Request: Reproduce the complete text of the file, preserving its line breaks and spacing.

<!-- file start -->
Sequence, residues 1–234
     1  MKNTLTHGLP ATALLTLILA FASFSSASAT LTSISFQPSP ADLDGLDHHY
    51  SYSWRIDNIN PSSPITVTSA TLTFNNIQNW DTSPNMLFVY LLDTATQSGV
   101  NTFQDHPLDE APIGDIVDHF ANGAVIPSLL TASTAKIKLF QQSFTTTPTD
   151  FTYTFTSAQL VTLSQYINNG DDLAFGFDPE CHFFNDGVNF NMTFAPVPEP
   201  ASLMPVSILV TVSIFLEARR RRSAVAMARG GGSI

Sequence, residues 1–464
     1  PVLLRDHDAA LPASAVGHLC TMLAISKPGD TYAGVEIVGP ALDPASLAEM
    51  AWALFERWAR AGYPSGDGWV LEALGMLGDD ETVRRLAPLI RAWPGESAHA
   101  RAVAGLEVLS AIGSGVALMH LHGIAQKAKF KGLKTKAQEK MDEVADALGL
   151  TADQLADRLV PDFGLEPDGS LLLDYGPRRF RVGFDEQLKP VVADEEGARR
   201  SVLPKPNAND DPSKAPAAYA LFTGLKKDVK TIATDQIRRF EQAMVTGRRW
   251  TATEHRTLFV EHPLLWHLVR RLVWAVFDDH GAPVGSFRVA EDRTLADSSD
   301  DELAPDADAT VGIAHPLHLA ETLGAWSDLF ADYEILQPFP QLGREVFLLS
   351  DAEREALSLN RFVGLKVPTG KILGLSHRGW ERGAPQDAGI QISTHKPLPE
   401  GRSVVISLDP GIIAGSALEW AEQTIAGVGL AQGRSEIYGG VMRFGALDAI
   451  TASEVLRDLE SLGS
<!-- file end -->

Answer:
Sequence, residues 1–234
     1  MKNTLTHGLP ATALLTLILA FASFSSASAT LTSISFQPSP ADLDGLDHHY
    51  SYSWRIDNIN PSSPITVTSA TLTFNNIQNW DTSPNMLFVY LLDTATQSGV
   101  NTFQDHPLDE APIGDIVDHF ANGAVIPSLL TASTAKIKLF QQSFTTTPTD
   151  FTYTFTSAQL VTLSQYINNG DDLAFGFDPE CHFFNDGVNF NMTFAPVPEP
   201  ASLMPVSILV TVSIFLEARR RRSAVAMARG GGSI

Sequence, residues 1–464
     1  PVLLRDHDAA LPASAVGHLC TMLAISKPGD TYAGVEIVGP ALDPASLAEM
    51  AWALFERWAR AGYPSGDGWV LEALGMLGDD ETVRRLAPLI RAWPGESAHA
   101  RAVAGLEVLS AIGSGVALMH LHGIAQKAKF KGLKTKAQEK MDEVADALGL
   151  TADQLADRLV PDFGLEPDGS LLLDYGPRRF RVGFDEQLKP VVADEEGARR
   201  SVLPKPNAND DPSKAPAAYA LFTGLKKDVK TIATDQIRRF EQAMVTGRRW
   251  TATEHRTLFV EHPLLWHLVR RLVWAVFDDH GAPVGSFRVA EDRTLADSSD
   301  DELAPDADAT VGIAHPLHLA ETLGAWSDLF ADYEILQPFP QLGREVFLLS
   351  DAEREALSLN RFVGLKVPTG KILGLSHRGW ERGAPQDAGI QISTHKPLPE
   401  GRSVVISLDP GIIAGSALEW AEQTIAGVGL AQGRSEIYGG VMRFGALDAI
   451  TASEVLRDLE SLGS